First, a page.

thank the Hon. Senator for raising such a question and to let her know that our Ministry works very closely with the RBZ as well as the Zimbabwe Council for Tourism which represents and protects the interests of the industry in our country for us to be able to see the tourism sector being able to add value to the economic revival agenda of our country.

As she may be aware, the monetary authorities in our country have been promoting the use of plastic money and most tourists who come to Zimbabwe, as she rightly says are already used to the use of plastic money and they do not move with a lot of cash. As and when the bond notes are introduced because right now they are not yet there, as she may be aware they will only be applicable for use in our country. I am sure that everyone who comes to Zimbabwe will be able to enjoy their visit in our country as they come as tourists and should they need cash as they leave the country, just like the Governor of the RBZ and the Minister of Finance and Economic Development articulated, they should be able to be given their money in hard currency. We do not foresee any challenges with the coming in of bond notes as and when they finally do come. Madam President, tourists are already used to the use of plastic money. I thank you.

*HON. SEN. MALULEKE: My question is directed to the

Deputy Minister of Agriculture and it is in line with command agriculture.  Do you have plans to give us sorghum seeds for planting in dry lands?


(LIVESTOCK) (HON. ZHANDA):  Thank you Madam President. I would want to thank Hon. Senator for such a question which is important. It is true that in dry regions like Manicaland, Matabeleland North, Matabeleland South and part of Midlands which are dry regions where there is less rainfall, the Government urges farmers not to plant maize because there are insufficient rains. We ask them to plough small grains like rappoko, sorghum and finger millet. That is what we urge them to grow because people can harvest sufficient quantities of food.           I am sorry to say this Madam President, that in our culture we no longer eat sadza made up of rappoko, finger millet or other small grains which are good to our health. In light of the climate change which is now a reality, the rainfall patterns are now different from what they used to be in the past. It will never rain like it used to then. If you were to take that line of thinking we will be misdirecting our thinking. As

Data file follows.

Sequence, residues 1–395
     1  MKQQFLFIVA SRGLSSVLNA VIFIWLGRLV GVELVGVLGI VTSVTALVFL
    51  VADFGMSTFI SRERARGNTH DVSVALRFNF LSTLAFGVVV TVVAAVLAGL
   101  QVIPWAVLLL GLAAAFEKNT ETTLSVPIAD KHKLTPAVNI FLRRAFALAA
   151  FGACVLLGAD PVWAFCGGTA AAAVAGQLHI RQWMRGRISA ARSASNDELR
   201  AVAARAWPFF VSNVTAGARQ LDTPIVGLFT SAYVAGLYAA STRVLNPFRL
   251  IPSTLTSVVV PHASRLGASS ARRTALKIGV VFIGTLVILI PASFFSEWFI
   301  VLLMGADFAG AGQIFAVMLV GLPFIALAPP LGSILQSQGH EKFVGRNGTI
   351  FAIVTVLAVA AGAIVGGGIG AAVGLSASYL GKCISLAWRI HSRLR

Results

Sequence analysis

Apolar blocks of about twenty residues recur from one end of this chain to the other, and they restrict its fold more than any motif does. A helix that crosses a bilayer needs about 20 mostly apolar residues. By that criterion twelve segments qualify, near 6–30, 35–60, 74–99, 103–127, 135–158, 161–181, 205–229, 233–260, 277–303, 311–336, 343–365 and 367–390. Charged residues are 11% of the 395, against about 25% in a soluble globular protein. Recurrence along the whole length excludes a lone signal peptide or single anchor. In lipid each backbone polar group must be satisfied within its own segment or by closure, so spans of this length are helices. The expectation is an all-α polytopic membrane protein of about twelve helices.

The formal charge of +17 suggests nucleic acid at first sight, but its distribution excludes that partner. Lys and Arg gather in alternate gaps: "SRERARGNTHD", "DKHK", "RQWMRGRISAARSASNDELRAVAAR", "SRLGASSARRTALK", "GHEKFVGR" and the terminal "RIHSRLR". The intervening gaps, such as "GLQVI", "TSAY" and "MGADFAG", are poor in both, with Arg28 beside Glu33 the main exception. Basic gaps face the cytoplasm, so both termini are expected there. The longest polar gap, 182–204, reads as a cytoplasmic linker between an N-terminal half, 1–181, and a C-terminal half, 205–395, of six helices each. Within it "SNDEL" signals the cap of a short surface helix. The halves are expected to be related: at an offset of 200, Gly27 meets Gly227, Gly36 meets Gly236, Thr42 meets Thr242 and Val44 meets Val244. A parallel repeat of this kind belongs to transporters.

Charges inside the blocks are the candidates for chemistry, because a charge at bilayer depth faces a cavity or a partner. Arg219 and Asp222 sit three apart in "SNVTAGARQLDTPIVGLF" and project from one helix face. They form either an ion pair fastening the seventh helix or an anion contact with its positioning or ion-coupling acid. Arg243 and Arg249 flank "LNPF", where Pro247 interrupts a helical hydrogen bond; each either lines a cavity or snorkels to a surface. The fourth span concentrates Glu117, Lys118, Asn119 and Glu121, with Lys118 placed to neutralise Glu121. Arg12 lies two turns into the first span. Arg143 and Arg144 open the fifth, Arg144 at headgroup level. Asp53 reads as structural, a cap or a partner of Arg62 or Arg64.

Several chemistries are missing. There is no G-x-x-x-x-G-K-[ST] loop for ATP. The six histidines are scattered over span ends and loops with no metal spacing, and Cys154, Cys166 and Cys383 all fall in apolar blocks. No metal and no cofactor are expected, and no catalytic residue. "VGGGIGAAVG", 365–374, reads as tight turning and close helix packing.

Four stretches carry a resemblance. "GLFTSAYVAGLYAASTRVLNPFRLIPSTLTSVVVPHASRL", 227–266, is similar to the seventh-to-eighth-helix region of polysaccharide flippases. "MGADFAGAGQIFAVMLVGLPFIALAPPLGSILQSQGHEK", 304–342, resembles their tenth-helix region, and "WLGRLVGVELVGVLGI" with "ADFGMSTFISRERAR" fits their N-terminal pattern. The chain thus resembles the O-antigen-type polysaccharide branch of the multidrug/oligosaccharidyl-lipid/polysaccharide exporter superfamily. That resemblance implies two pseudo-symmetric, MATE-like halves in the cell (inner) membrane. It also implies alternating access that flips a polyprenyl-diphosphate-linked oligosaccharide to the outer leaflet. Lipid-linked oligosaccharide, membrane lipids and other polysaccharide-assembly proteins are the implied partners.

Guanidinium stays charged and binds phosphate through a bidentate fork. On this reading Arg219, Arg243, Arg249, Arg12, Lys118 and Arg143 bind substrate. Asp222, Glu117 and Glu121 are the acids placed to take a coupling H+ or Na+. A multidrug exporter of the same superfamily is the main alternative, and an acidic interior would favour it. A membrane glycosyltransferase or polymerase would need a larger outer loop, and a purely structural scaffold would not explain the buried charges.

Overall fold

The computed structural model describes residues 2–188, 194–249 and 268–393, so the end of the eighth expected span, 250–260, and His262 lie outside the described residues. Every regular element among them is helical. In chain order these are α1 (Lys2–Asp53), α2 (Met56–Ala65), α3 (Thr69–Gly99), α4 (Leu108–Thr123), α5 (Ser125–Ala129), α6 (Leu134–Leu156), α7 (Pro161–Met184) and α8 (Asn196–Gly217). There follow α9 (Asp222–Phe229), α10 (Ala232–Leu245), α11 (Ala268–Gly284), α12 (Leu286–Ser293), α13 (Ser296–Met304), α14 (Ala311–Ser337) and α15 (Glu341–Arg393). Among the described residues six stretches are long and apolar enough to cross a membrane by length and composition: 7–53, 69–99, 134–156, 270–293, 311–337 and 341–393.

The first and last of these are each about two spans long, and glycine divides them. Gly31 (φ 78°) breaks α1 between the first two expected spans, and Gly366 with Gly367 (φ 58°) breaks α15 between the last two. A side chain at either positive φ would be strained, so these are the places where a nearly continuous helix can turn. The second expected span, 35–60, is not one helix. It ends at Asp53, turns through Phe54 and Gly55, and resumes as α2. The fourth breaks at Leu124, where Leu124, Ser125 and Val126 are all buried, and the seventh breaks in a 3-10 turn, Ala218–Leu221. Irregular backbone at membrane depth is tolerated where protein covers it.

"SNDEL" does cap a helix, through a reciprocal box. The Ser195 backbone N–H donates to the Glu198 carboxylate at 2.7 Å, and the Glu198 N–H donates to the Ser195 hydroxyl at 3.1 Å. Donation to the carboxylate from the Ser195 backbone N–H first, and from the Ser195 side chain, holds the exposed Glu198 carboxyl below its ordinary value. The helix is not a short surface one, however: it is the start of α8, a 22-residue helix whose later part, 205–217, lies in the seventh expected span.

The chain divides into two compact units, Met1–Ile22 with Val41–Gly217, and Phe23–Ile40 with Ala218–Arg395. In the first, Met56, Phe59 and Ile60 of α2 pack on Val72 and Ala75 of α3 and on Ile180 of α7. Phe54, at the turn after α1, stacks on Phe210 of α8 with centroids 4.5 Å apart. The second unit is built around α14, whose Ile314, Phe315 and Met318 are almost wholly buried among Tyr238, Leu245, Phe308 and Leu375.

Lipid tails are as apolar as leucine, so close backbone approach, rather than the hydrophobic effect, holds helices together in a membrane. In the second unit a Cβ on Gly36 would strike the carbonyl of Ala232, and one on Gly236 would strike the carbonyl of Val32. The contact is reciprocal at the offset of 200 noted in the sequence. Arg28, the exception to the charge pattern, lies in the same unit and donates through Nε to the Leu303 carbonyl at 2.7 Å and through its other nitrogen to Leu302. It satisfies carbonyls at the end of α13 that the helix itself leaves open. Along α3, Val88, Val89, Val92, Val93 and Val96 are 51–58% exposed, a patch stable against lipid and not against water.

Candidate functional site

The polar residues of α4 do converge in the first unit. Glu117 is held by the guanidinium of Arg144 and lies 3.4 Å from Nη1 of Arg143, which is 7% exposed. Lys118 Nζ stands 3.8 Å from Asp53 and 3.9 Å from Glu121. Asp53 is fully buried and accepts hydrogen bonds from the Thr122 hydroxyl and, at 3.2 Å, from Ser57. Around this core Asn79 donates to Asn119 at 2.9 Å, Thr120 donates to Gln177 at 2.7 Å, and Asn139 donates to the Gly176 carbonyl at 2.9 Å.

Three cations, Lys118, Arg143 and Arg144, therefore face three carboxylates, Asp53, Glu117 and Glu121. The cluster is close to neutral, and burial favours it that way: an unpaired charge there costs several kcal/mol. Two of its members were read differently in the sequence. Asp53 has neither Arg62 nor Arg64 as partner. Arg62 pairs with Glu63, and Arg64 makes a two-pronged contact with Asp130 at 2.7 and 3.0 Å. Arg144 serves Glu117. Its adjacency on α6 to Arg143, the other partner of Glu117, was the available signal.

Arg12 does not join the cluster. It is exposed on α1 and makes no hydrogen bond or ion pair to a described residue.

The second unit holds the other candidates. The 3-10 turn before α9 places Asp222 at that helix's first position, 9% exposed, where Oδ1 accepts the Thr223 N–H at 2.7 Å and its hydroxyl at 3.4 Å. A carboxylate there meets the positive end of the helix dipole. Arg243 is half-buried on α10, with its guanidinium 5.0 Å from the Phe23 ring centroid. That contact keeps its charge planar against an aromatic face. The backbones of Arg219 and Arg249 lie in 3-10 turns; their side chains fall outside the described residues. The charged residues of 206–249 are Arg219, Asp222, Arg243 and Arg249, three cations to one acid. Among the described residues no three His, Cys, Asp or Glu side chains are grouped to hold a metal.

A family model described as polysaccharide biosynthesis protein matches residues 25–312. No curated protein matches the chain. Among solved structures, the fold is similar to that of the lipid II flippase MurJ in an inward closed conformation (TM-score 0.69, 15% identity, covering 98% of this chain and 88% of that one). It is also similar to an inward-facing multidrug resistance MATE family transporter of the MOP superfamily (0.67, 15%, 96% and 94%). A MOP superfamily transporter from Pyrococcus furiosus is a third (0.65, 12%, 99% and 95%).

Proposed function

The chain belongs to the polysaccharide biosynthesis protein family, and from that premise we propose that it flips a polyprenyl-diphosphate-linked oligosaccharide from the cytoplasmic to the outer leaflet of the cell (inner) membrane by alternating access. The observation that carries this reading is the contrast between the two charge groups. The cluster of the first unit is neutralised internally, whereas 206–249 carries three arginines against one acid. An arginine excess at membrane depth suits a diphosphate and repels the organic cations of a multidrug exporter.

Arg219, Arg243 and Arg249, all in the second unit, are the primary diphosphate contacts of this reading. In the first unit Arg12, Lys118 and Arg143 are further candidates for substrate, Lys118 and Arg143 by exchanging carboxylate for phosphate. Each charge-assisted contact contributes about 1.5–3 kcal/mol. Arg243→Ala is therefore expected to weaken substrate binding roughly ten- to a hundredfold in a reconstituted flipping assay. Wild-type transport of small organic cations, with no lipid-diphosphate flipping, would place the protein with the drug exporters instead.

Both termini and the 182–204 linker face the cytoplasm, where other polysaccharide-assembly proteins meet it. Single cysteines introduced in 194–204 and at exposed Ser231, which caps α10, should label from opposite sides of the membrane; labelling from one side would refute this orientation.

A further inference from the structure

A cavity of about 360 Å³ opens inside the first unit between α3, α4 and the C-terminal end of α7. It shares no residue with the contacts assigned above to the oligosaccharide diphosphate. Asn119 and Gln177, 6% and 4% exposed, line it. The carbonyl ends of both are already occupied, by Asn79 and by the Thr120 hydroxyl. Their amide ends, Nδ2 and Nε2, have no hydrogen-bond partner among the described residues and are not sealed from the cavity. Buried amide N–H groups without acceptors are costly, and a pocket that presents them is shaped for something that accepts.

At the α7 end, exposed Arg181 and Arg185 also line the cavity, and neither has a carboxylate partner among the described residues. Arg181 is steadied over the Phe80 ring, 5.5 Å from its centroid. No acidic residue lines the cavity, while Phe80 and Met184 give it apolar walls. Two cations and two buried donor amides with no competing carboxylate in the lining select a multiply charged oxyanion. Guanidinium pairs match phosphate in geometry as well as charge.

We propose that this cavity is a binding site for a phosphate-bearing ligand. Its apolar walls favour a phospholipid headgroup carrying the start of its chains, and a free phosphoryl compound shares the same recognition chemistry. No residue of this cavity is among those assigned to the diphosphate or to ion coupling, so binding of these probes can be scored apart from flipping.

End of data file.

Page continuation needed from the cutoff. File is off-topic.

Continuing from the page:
Government, we urge people to grow small grains but because we are no longer growing these small grains we have a difficulty in having such small grain seeds. We were thinking that we would contract those that are in the irrigation areas to produce the seed so that we can promote the production of such small grains. I thank you.

HON. SEN. CHIEF NYAMUKOHO: My question is directed to

the Deputy Minister of Agriculture. I have tried in my area of jurisdiction – I am right out in Mudzi and this is at an area where I bound Mozambicans and other chiefs round about me. I have 200 village heads whom when I tried this, I found it working, I have already this year supplied them all with a bag of mealies each. They are the fathers of the village and they should know who has got and who has not got. My order was, if you can help those that you can help with the little bit I have supplied you, I said 200 bags and that is real and also 80 bags of nyemba above that.

Looking at my area, I have talked to the people and we have agreed that I want to occupy an area where I can plough for them and feed them like I have done now. I have done that practically and it has worked and I want to continue. The continuation will come in this manner, I have asked them to give me all the land that they cannot occupy in the area of my jurisdiction and this is where I have ploughed and have been able to do it.

I have again talked to them so lately and said look, I want to plough for you again this year. Unfortunately, we have not got sufficient rains but whatever it is, we will try and struggle with whatever we have. I am saying, you give me all the land that you cannot use and I want to plough it myself but I will make use of you, the people to plough that land. They have accepted my idea. This year, they are yet to share.  


waiting for your question Hon. Chief because this is a Question and Answer Session.

HON. SEN. CHIEF NYAMUKOHO:  Minister, my question is,

can you allow me to occupy the land that they have given me to plough.  They will be like our normal farmers who are all over Zimbabwe who pay people for the labour they give him.  I promised my people that I will pay them as well for digging the area, ploughing, and for whatever jobs that are needed in the agricultural system.  I will pay the people for all the labour that they provide to my land but as I said, I promised them that I will give them like I have given them now, the 200 bags of mealies or whatever that comes out from the land.

My question is, if I am allowed to do that – the people will be paid for all the jobs that they will do in my field.  It is my field.  They have given me the areas where I can do the ploughing.  If that is acceptable, I have found that, that way it will work.


(LIVESTOCK) (HON. ZHANDA): Thank you Madam President.  I

want to thank the Senator for that question and advice.  First and foremost Hon. Senator, I want to thank you for your efforts that you are doing in wanting to feed your people.